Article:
The Torah explains how “This mitzvah that I command you today – it is not hidden from you and it is not distant…Rather, the matter is very close to you – in your mouth and in your heart – so that you can keep it. (Devarim 30:11-14). The Ramban interprets “this mitzvah” as a reference to Teshuvah, “Repentance” and the need to return back to G-d. The ability to do teshuvah lies within man’s reach.
Teshuvah, repentance is a marvellous and miraculous phenomenon.
It utterly defies the laws of nature. One would have logically assumed that bygones are just that – bygones. And it would be psychologically unhealthy to repeatedly agonize about the question: “what if?” Leave it alone! It has happened. Live with it. Move on! Time-machines belong to the genre of science fiction. Why not just focus on the future and forget about the past.
While the concepts of wisdom, prophecy and Torah expectedly dictate that a sinner be punished, as per the rules of culpability for human action, G-d asks that the sinner repent and immediately be atoned and absolved of his iniquities (Yerushalmi, Makos 2:7).
In-other-words, the past is not the fête a complète. It is not fixed and unalterable. Remarkably, repentance has that creepy, supernatural thread to it. Here standing in the present, one is able to change the actions of the past. That is absolutely incredible!
The Talmud states “Teshuvah is so great that deliberate transgressions are treated as inadvertent ones where repentance is out of fear… Teshuvah is so great that deliberate transgressions are treated as meritorious where repentance is out of love” (Yoma 86b).
Teshuvah is, indeed, an otherworldly concept: its creation predates the universe (Pesachim 54a) and it operates according to the exceptional kindness of G-d Who is not bound by the laws of existence and the letter of the law that demands justice. G-d explicitly explains how he does not want the death of the wicked, but for them to repent and live (Yechzekel 18:31-32).
Moreover, G-d greatly yearns for man to return. Israel is exhorted “Return O Israel to Hashem your G-d” (Hoshea 14:2). He asks for the sinner to re- establish a lifeline to G-d the Source of all Life. Amazingly, G-d does not even hold a grudge against this person for his treacherous and disloyal behavior. On the contrary, he even considers this as if man is actually ‘doing’ Him a favour! (Yoma 86).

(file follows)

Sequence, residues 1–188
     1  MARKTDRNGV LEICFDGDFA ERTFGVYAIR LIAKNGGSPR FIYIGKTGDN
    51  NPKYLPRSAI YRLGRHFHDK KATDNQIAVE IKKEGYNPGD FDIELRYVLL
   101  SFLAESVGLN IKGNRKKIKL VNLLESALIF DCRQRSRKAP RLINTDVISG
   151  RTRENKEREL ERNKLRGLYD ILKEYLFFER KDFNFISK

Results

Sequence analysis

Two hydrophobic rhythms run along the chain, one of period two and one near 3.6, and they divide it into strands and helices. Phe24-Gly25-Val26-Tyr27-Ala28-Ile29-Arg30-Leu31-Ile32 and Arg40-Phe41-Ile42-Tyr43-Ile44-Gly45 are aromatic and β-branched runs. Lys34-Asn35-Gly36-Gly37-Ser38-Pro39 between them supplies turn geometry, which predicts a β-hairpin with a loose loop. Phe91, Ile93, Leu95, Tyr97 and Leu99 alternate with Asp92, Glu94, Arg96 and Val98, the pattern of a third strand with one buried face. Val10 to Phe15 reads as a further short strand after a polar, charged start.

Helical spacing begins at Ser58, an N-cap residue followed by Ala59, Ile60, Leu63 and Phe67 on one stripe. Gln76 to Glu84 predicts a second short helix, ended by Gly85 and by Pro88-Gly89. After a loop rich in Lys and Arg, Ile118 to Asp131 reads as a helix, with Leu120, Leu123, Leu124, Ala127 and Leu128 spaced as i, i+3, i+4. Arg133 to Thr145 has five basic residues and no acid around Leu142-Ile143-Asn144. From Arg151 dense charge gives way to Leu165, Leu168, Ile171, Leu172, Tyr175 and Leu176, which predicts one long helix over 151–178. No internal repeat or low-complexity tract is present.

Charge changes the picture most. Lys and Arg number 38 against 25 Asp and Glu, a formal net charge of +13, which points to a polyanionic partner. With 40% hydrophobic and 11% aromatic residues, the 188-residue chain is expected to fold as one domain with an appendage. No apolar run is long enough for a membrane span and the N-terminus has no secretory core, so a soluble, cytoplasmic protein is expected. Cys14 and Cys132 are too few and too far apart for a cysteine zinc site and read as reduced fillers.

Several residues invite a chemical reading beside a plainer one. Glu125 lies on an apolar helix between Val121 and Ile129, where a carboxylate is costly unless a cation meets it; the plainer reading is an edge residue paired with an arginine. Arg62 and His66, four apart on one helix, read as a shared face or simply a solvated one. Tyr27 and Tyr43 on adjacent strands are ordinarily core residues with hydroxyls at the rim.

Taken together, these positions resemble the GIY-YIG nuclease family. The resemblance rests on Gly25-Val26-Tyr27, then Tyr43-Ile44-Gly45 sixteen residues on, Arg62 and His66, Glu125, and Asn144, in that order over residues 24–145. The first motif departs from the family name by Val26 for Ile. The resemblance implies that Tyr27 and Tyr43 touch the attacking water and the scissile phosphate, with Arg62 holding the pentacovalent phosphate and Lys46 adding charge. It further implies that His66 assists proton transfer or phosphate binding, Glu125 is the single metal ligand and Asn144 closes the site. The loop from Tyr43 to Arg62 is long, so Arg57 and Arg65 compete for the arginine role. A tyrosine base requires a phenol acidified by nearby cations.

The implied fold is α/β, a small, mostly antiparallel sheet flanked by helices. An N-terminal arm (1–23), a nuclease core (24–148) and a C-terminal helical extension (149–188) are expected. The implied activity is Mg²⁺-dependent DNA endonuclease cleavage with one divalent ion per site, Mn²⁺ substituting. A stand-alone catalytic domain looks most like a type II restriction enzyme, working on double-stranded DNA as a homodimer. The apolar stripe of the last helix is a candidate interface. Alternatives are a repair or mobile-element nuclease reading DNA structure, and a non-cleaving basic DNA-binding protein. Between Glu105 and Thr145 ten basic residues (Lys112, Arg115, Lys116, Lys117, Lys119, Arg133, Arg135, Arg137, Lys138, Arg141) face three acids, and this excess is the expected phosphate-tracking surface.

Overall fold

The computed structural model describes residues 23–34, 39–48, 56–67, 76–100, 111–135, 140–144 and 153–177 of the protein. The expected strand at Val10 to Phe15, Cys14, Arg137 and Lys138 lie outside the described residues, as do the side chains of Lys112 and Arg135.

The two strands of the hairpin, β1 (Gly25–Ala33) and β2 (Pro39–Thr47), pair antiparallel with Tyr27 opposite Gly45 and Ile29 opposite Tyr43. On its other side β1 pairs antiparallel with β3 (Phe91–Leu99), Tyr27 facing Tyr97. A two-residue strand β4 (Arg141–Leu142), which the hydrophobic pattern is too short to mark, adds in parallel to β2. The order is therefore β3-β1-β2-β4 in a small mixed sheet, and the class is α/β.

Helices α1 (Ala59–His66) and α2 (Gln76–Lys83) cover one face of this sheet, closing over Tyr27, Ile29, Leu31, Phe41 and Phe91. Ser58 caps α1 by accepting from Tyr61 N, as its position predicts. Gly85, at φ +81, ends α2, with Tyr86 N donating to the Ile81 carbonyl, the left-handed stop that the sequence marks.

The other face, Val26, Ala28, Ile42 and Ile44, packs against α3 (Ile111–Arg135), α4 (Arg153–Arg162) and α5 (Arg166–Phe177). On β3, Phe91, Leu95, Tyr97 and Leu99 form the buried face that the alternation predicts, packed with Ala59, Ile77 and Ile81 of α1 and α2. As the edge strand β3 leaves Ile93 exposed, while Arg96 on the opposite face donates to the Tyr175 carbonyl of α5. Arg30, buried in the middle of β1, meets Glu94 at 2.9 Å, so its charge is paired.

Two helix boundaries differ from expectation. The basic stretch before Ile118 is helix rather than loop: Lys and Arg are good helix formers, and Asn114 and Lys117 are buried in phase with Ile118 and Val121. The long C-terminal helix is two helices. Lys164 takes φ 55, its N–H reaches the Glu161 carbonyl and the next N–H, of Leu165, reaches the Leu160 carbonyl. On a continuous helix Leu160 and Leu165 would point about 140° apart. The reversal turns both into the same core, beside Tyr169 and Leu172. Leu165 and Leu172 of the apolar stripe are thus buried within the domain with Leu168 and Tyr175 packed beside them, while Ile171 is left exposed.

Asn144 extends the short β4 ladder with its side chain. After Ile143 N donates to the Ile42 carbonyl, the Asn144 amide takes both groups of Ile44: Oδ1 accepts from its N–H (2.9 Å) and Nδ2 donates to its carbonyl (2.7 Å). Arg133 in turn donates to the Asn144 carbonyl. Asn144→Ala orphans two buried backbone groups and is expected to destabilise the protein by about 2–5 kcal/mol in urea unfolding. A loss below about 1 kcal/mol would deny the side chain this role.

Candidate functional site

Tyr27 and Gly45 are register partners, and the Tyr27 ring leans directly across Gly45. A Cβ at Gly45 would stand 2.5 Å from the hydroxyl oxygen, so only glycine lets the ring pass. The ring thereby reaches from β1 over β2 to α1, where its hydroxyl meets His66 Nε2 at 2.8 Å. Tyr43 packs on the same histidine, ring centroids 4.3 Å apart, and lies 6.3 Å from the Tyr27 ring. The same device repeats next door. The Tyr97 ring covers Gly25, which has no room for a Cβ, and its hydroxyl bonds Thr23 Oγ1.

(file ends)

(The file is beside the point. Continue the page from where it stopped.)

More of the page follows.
Teshuvah, from the word shov, “to return” is what repentance is all about. It is the “return” to the right path in the service of G-d, “return” to the inner self and the divine soul within man, and the “return” to being who you really are.
This, of course, is with the realization that one has earlier lost the plot and wandered from the right path. Teshuvah is where man reaffirms his connection to G-d. He is back on route to where he belongs.
No holes are barred for the penitent in his journey homewards. He has a direct line to the Heavenly Throne (Pesikta Rabbosai 44). His teshuvah is equated with ascending to Jerusalem, building the Temple and sacrificing an offering on the altar (Vayikra 7:2). The Gates of Repentance are always open to him (Devarim Rabbah 2). Indeed, the position he will occupy in the Heavenly realm is incomparable (Berachos 34b).
Teshuvah is a tantalizing prospect. It is an “offer” that man pathetically ignores at his peril.
But, like all “offers”, this is the small print. Teshuvah is accompanied with one small caveat.
And that is: Teshuvah is only possible within this world, in the world of the living, where man is in a state of flux.
Here he can alter the past and charter where he goes from here. But this is contingent upon a teshuvah that is the genuine article. It has to be with sincerity. With heartfelt regret and deep remorse. It has to be with a complete break from any earlier sinful modes of behaviour. And with a full commitment for the future to live a life in the loyal service of G-d.
May we all merit to have our repentance accepted by G-d.
Wishing all readers and all our Jewish brethren to be sealed in a healthy, peaceful life in the coming year! Amen! The course is presented by Osher Chaim Levene, author of SET IN STONE (2004: Targum) about the meaning of mitzvah observance and PEOPLE OF THE BOOK (2007: Targum) about the biblical personalities. A London-based writer and educator, he learned at the Gateshead and Mir Yeshivas, holds a Bachelor of Science (Honors) business degree from London’s City University, and is a Member of the Royal Institution of Chartered Surveyors.